NEW YORK -- An outbreak of E. coli from tainted ground beef has expanded to sicken 177 people in 10 states, the US Centers for Disease Control and Prevention said Friday.
Of those infected, 21 have been hospitalized. No deaths have been reported. Those infected range in age from younger than 1 to 84 years old, with a median age of 18.
The cases include people who've eaten the beef since March 1, the agency said, but no supplier, distributor or brand of beef has been identified.
"Traceback investigations are ongoing to determine the source of raw ground beef supplied to grocery stores and restaurant locations where ill people reported eating," the CDC said.
"Illnesses that occurred after March 29 might not yet be reported due to the time it takes between when a person becomes ill with E. coli and when the illness is reported. This takes an average of two to three weeks," the CDC said.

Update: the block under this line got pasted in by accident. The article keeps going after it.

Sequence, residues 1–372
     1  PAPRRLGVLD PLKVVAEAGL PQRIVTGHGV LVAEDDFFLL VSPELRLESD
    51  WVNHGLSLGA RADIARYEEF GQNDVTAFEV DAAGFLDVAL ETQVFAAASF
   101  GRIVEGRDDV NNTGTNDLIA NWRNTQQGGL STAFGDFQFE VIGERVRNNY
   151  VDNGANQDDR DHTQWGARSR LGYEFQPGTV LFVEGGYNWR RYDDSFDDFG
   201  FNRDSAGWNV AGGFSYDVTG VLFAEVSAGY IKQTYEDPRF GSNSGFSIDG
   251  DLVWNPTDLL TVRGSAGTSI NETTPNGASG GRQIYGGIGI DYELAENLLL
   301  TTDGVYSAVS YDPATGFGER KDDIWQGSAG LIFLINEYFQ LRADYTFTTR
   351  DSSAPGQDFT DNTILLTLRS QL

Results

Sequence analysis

The CDC said this month it had identified ground beef as the food responsible for an outbreak that at the time involved 109 cases of illnesses in six states.
States affected by the outbreak are Georgia, Kentucky, Ohio, Tennessee, Virginia, Indiana, Florida, Illinois, Mississippi and Minnesota.
Meanwhile, Grant Park Packing has recalled more than 53,000 pounds of raw ground beef products due to possible E. coli contamination, the US Department of Agriculture's Food Safety and Inspection Service said in a statement. The Illinois company said the ground beef items were produced on October 30 and 31, and November 1.
K2D Foods/Colorado Premium Foods is also recalling more than 113,000 pounds of raw ground beef produced in late March and early April because of possible contamination.
There's no definitive link between these products and the ongoing E. coli outbreak, the agency said.
Symptoms of E. coli infection include severe stomach cramps, diarrhea and vomiting. They begin, on average, three to four days after ingesting the bacteria. Most people recover in five to seven days.
Consumers are urged to prevent the spread of E. coli by washing hands frequently, cooking ground beef to an internal temperature of 160 degrees and keeping uncooked foods away from raw beef to prevent cross-contamination.